Shenandoah Valley Westminster-Canterbury will host an interactive, care-based discussion next month that will examine the basic concepts of trauma-informed care and their implications in the stressful environment that has been created by the ongoing response to the COVID-19 pandemic.
“For example, we will consider how moral fatigue or compassion fatigue can impact provider-recipient interactions and collegial relations. In addition, we will review case studies that consider the proper role of providers, legitimate limits on services, the ethical risks of over-functioning, and organizational responsibilities to manage staff burnout and potential secondary trauma caused for individuals served,” according to an SVWC news release.
“This highly interactive seminar will feature select real-life case studies addressing ethical issues professionals encounter in schools, agencies, and other settings,” the release states. “At least one case study will be discussed for those working with children, adults, and the senior population.”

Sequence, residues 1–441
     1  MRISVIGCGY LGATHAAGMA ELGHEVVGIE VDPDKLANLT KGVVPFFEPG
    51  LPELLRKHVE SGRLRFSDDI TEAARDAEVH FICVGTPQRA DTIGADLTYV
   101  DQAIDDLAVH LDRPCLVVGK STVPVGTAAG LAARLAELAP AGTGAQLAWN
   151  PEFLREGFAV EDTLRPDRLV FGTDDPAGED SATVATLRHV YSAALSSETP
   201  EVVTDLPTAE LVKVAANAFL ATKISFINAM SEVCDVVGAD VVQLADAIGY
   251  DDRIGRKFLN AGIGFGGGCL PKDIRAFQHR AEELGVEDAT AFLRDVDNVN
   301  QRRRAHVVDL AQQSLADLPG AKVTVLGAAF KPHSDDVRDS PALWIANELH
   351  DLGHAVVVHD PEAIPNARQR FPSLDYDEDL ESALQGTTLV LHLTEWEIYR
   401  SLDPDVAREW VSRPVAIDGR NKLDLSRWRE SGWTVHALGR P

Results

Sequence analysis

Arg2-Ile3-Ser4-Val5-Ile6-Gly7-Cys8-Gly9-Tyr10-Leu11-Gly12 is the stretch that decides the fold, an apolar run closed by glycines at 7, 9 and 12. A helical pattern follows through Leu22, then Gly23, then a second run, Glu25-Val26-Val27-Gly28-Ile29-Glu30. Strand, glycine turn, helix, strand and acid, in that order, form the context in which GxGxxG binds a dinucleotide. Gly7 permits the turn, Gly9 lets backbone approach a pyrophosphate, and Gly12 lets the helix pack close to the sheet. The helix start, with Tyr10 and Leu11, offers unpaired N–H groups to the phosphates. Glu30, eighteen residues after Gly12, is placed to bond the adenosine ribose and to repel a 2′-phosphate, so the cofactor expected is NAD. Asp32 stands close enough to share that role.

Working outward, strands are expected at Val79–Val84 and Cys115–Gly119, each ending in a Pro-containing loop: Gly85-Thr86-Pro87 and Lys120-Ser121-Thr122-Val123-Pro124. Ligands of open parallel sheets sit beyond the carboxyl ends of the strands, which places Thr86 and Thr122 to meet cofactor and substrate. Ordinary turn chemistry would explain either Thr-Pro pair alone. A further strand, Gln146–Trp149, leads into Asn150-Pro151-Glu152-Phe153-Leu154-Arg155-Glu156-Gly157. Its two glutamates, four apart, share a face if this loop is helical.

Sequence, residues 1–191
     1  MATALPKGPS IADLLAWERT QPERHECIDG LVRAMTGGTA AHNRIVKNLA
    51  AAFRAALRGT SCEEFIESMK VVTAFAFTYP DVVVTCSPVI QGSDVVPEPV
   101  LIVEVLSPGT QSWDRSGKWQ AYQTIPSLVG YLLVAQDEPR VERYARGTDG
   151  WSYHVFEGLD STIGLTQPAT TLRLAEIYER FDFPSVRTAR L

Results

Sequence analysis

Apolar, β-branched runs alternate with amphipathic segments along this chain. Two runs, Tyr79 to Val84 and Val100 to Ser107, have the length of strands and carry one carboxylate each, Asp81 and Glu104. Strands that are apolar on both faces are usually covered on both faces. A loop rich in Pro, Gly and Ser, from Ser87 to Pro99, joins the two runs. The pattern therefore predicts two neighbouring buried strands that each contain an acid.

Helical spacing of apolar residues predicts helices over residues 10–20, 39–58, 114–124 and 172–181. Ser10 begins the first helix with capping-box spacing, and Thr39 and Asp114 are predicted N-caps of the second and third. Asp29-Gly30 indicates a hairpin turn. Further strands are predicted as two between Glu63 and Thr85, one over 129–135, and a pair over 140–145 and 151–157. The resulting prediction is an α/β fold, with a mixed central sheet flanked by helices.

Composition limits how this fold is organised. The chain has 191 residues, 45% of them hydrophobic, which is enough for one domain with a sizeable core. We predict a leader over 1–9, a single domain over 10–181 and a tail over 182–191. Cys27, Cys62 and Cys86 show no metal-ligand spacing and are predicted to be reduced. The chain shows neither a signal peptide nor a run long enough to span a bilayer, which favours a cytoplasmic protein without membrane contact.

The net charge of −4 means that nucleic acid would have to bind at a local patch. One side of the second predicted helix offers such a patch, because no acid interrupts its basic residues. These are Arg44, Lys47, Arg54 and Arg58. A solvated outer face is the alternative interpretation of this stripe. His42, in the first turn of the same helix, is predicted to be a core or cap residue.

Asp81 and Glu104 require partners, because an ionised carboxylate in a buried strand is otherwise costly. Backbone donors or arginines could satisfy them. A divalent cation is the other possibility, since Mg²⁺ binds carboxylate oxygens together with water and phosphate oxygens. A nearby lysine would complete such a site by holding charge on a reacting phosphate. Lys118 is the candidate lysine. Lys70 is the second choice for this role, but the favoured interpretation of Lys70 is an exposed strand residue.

The objectives of the presentation are:
To define essential concepts of trauma-informed care and compassion fatigue.
To distinguish between appropriate and inappropriate levels of service.
To examine the potential for causing secondary trauma in providers and recipients of service who are interacting in the stressful context of a global pandemic.
The presenter is Michael Gillette, Ph.D., president of Bioethical Services of Virginia Inc. The virtual continuing education workshop will take place via Zoom from 9 a.m. to noon Oct. 21. The cost is $95 per person or $150 per computer (two person max). Registration deadline is Oct. 11 and there will be no refunds after Oct. 12. The link for the training will be sent upon registration. Certificates available after completion of survey (only the person who registers will receive a certificate).
For more information or to register, contact SVWC’s Chaplain, Elizabeth Lewis, at email@example.com, or 540-665-5971.